At The Corkcutters’

Life belts An excellent and cheap life belt, for persons proceeding to sea, bathing in dangerous places, or learning to swim, may be thus made: take a yard and three-quarters of strong jean, double, and divide into nine compartments. Let there be a space of two inches after each third compartment. Fill the compartments with very fine cuttings of cork, which may be made by cutting up old corks, or (better still) purchased at the corkcutters’. Work eyelet holes at the bottom of each compartment, to let the water drain out. Attach a neckband and waist strings of stout bootweb and sew them on strongly.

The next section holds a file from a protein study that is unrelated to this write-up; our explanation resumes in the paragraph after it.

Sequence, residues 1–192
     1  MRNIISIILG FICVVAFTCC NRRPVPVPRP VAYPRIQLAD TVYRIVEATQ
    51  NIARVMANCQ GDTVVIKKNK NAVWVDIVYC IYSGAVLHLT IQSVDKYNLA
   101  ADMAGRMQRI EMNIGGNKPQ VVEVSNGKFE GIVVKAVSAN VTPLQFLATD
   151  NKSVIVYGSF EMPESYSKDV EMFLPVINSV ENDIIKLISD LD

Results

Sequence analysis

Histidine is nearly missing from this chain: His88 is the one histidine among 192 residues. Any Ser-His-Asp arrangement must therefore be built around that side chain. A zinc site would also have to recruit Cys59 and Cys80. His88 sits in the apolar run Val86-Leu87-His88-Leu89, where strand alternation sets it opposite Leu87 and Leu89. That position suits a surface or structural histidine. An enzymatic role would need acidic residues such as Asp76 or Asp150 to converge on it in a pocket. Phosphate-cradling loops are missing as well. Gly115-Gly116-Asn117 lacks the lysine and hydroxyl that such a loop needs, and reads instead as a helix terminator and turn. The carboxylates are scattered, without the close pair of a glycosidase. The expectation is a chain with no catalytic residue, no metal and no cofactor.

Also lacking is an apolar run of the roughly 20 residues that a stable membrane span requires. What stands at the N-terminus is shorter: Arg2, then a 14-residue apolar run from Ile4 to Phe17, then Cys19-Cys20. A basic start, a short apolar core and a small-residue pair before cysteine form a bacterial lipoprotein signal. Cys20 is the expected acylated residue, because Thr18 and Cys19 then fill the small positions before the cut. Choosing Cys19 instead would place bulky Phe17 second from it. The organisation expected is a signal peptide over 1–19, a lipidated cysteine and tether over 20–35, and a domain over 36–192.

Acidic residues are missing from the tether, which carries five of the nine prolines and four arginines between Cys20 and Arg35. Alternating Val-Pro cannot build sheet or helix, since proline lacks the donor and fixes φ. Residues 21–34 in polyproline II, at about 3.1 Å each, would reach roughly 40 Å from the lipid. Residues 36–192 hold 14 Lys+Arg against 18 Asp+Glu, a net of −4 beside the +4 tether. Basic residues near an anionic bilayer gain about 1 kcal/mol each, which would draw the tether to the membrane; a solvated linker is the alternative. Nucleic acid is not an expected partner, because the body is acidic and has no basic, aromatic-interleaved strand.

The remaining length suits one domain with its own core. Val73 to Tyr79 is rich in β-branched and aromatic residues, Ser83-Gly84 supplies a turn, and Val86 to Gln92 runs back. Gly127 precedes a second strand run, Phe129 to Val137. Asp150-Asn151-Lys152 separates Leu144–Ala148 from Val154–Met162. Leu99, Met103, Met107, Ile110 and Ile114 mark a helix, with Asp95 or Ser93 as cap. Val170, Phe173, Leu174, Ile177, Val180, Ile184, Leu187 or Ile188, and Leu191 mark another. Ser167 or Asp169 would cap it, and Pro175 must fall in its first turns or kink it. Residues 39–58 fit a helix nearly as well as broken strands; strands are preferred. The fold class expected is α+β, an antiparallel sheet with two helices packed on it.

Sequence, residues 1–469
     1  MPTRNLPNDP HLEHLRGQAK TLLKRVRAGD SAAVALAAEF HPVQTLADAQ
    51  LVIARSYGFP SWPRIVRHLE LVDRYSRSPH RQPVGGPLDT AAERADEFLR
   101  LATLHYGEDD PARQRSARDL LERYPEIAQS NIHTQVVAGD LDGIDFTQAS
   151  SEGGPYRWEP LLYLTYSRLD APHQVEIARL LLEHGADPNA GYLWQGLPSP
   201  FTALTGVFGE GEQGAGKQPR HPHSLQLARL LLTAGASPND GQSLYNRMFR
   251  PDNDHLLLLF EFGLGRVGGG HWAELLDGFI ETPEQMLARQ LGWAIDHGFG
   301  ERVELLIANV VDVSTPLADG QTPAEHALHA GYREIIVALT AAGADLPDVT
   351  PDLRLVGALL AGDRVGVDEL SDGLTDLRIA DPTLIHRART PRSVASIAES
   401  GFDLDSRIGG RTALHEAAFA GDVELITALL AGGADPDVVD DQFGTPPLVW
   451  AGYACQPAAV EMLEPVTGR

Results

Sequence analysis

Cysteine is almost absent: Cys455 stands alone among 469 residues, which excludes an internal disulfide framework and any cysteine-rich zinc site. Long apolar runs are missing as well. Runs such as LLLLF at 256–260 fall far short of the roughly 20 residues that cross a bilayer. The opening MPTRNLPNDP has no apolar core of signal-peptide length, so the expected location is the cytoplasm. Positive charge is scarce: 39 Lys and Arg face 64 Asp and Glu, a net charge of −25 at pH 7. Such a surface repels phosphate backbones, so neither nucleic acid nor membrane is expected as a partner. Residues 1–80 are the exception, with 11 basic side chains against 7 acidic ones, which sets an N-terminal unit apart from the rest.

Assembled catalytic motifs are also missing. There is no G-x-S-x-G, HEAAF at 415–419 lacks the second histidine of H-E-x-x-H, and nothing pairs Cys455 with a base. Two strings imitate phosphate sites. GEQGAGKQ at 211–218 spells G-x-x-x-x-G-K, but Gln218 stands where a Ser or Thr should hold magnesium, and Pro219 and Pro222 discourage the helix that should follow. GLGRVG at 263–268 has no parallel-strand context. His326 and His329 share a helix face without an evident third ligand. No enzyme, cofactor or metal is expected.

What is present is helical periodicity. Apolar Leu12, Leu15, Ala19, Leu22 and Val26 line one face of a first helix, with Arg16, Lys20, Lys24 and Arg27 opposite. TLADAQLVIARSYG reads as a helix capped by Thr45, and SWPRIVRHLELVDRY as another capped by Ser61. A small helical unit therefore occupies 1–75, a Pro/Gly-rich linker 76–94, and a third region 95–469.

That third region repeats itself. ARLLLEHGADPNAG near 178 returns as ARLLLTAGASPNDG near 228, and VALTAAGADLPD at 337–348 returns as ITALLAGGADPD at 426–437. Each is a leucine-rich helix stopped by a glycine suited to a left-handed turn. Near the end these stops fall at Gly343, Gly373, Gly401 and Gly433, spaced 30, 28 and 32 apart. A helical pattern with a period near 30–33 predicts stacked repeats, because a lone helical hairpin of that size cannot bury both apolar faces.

Invaluable advice from Grandmother’s Household Hints, As Good Today As Yesterday by Helen Lyon Adamson (1963). I bought this yesterday in a charity shop, and find myself ready not only to make my own life belt but to remove sweat-stains from hatbands, use hay in my kitchen, deal quickly and effectively with fainting, hysterics, apparent death from drunkenness, and nails growing into the flesh, make baked custard cabbage and stewed watercress, understand the significance of clouds, inflict sure death on insect pests, and iron bobbinet laces.

One thought on “At The Corkcutters’

  1. Perhaps send the volume on to George ‘Bones Ergo Ogre’ Osborne, since the grandauthor can clearly teach him how to Handle Money Loans.

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